Green Office Utrecht: The British Invasion
In the interview series I have been working on, I have chosen to save the closest to be one of last. The Green Office where I worked previously as an intern, where I met most of my friends including my interview partner Floor van den Elzen, and where I currently spend most of my time: Green Office Utrecht (GOU). This office is home to a diverse range of nationalities and today we chose to take the ‘British perspective’.
Our two British Green Officers are George Parsons (left) – a bachelor’s student on exchange from Exeter University, originating from Malvern, England – and Emily Swaddle (right), who is doing her master’s in Gender Studies at Utrecht University, previously studied in Scotland, and grew up in Newcastle upon Tyne, England.
Both interns had a bit of a startling beginning. George’s predecessor left for Ireland two hours after meeting him and Emily was one of the last interns to be hired, so it felt as though everyone else had a better idea of what was happening than she did. Also, Emily wasn’t aware who her predecessor was, but quickly learned… (it is me!) However, after the first brief moments of confusion they both felt that the team was welcoming and kind, and the friendly ambiance made them feel right at ease.
What is the atmosphere of this office? Both Brits agree that the GOU is a cozy, welcoming place. “The layout of the office is nice, because one side is good for work – and a bit of play, and the other side is for being casual, and hanging out with Barry (pictured in George’s arms above).”
Emily tells me that the office has a level of professionality that is sufficient for what they do, but that they “aren’t inherently particularly professional…” “Hey! Speak for yourself,” George quickly interjects, his cheeky grin never leaving his face.
For both Emily and George, working at the GOU has changed their ideas and level of sustainability. After working at the GOU, George has realized how even the smallest actions can make a difference, and that sometimes the most unexpected people are the ones thinking about sustainability. He now promotes sustainable thinking even more than he ever did before, and he thinks about small things in his life now, like turning the lights off, using the washing machine eco-cycle, and – of course – getting organic wine. At least when it’s on offer.
Before coming to Utrecht, Emily traveled trough North and South America working on farms. During that time she had a very personal relationship with sustainability, and the change she invoked was largely with her own life, and the lives that were close to her. Upon moving to back into the urban world, her sustainable ideas were able to grow and have a far broader reach. Working at the GOU, Emily has come to appreciate that change takes time, because in order for it to be sustainable, the change needs to come from the individuals themselves.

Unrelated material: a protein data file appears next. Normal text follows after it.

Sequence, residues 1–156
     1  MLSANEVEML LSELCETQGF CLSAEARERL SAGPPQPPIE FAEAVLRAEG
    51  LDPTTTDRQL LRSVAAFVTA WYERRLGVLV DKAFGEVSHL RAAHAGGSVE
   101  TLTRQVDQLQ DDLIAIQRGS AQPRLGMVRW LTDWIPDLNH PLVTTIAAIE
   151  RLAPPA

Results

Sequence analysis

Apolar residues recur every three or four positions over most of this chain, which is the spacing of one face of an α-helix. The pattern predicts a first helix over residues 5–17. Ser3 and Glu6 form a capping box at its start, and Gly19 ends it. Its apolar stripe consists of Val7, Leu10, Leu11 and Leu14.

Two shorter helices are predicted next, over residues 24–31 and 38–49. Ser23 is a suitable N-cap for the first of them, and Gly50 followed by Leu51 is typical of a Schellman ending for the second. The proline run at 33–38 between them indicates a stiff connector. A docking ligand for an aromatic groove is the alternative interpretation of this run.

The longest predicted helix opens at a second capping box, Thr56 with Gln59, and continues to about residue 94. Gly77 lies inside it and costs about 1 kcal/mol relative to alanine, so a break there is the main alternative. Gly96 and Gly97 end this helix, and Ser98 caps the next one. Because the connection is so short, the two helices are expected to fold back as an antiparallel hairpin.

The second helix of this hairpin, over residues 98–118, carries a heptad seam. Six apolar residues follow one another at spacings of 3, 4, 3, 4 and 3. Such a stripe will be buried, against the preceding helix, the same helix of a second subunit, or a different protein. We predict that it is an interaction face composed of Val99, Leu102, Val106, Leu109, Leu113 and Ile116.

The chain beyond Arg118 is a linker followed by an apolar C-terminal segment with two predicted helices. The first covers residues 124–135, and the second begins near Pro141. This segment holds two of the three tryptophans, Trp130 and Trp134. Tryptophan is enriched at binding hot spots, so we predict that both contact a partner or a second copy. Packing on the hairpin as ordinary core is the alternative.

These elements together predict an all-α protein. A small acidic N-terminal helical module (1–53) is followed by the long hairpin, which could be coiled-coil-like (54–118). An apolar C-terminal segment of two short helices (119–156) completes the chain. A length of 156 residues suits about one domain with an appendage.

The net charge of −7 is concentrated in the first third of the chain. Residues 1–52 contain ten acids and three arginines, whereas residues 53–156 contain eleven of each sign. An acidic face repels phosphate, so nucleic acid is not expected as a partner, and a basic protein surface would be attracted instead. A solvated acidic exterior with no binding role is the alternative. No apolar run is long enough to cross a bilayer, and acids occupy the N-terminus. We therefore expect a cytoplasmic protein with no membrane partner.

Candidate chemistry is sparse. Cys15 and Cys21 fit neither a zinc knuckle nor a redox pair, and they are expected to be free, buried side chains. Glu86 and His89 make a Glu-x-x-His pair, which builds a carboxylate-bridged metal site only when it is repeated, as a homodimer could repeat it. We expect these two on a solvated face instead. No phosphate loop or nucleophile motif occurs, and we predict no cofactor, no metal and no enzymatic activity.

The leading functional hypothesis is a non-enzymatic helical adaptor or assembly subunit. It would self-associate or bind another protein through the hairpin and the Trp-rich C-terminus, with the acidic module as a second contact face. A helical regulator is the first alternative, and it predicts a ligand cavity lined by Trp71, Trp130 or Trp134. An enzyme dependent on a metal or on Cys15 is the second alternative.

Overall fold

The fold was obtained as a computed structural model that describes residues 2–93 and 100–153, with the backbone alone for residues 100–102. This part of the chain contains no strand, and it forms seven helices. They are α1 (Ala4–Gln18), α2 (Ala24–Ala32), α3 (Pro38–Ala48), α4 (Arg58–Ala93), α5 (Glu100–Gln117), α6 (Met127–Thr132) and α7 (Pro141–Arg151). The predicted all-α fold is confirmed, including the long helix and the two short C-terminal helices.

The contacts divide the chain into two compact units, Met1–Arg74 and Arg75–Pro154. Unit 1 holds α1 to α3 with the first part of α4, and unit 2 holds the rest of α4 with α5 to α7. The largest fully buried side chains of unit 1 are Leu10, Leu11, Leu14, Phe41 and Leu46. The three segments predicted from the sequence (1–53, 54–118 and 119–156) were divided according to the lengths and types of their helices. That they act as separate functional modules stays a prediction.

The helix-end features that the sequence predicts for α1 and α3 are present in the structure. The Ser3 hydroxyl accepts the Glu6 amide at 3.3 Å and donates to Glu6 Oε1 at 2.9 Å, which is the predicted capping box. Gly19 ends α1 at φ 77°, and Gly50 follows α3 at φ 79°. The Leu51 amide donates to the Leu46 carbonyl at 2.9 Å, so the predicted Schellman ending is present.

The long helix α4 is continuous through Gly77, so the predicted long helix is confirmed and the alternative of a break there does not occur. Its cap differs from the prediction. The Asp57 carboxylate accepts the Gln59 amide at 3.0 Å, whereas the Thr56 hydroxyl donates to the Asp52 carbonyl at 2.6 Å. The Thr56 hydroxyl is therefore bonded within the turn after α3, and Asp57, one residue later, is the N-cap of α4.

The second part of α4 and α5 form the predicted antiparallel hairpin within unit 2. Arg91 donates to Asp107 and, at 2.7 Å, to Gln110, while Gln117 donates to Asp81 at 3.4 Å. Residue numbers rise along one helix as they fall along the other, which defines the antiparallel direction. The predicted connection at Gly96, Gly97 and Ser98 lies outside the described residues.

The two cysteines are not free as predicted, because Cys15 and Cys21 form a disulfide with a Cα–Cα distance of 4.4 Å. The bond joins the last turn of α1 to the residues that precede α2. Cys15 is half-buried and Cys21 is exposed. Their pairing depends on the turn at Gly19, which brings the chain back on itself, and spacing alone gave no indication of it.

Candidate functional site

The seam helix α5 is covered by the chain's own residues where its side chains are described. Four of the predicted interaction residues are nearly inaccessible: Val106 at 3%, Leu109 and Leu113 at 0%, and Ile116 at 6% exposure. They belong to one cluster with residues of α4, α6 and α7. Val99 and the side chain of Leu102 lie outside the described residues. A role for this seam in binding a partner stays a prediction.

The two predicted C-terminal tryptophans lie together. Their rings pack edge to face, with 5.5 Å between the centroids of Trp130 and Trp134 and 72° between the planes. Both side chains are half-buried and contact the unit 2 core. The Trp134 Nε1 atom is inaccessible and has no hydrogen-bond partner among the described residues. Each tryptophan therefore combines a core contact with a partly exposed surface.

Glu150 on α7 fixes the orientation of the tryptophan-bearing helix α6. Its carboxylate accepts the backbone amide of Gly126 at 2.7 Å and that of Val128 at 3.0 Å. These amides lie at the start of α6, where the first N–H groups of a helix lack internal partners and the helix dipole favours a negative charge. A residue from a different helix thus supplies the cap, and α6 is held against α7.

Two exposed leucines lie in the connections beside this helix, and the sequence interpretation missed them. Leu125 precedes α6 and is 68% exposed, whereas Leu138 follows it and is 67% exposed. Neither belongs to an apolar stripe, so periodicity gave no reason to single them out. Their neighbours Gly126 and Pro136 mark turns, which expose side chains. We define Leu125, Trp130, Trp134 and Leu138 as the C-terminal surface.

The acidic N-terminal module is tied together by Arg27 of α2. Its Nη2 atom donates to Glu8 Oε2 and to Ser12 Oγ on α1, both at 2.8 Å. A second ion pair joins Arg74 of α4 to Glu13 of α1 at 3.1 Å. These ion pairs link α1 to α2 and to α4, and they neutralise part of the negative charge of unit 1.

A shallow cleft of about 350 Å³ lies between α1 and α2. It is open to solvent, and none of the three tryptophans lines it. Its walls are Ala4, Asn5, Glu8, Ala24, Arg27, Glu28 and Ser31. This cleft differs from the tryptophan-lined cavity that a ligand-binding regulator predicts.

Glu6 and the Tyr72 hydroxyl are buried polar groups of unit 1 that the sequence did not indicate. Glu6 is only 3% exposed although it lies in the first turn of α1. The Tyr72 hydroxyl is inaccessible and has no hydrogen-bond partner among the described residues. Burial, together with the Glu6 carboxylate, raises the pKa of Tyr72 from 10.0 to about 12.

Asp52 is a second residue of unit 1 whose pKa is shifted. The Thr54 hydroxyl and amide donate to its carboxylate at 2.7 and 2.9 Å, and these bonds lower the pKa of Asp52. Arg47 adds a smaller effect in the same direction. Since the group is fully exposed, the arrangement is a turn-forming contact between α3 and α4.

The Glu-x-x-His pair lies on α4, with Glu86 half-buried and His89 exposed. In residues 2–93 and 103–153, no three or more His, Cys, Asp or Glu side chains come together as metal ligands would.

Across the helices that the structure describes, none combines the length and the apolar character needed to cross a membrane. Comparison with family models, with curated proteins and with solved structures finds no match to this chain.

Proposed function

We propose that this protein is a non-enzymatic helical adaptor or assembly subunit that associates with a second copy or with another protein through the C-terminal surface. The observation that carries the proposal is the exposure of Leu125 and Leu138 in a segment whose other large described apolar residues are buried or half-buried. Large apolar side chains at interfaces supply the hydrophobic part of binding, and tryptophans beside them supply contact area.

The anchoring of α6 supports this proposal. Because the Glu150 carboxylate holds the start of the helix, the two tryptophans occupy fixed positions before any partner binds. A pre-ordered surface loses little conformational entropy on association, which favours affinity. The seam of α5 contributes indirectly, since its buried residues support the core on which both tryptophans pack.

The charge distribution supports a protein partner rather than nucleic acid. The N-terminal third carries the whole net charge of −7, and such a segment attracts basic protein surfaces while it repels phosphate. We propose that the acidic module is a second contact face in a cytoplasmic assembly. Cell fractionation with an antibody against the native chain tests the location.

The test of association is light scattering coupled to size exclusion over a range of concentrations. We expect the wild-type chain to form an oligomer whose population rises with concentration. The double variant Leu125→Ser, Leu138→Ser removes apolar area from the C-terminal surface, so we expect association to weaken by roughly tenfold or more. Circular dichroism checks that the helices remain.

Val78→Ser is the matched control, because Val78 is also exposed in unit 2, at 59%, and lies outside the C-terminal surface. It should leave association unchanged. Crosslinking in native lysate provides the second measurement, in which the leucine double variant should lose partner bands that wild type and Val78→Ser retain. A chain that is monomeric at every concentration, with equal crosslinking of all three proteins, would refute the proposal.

Since they’ve started work at the GOU George and Emily feel that the team has become more social and cohesive, as can be seen in their team retreat picture (left). They find that the GO was naïve in the beginning assuming everything would go off without a hitch, but has become more realistic in its ambitions and projects. Where did this change come from? The university has created a sustainability program team, and now has a clearer focus of its role in sustainability, and thus the GOU has a clearer role within the university. As George puts it: “When you have policy and action working together, you have the biggest impact”.
Is it a good thing that the GOU has such a diverse cast? “Well, we are quite good singers and dancers,” George jokes. He does think it helps that everyone comes from different academic and national backgrounds, it is balanced and works well as a team.
Life after the GOU? George finishes his year abroad in July, and has to go home to write his dissertation. He will try to join the GO Exeter (Green Unit Exeter). He is interested in a project using cigarette ash for fertilizer. Emily has only recently extended her sustainable involvement from personal to professional, but now that she has some experience in the area, it is something she would like to continue in. “Sustainability was something that I did for me…” Emily stated. Only to hastily add: “Oh, and for the world, haha, whatever”. She feels like she’s starting to see opportunities to work in the field of sustainability while retaining her focus on gender-related issues, but hasn’t formed a full idea of what that would look like as a job.
What do these interns do in their spare time? “What spare time? I’m always here!” Emily is currently working towards a trip this summer to Tanzania where she will climb Mt. Kilimanjaro, in support for World Wide Cancer Research. She has raised all the funds, but the mental preparation is yet to come. George, when he’s not with the Green Office, plays for a local football team here and goes out once a fortnight to meet with them. He also just started playing cricket for a local team.
“Anything you’d like to add?” I ask. Emily puts on her serious face and answers: “The Green Office has infiltrated every aspect of my life. I started this internship in September, then increased my hours here, I’ve met most of my friends here, I now live with two people who worked at the GOU, I spend my social time with people from the Green Office, and wear Green Office clothing in and out of office. There is never a day that goes by that I don’t say Green Office at least a hundred times.” And she loves every minute of it.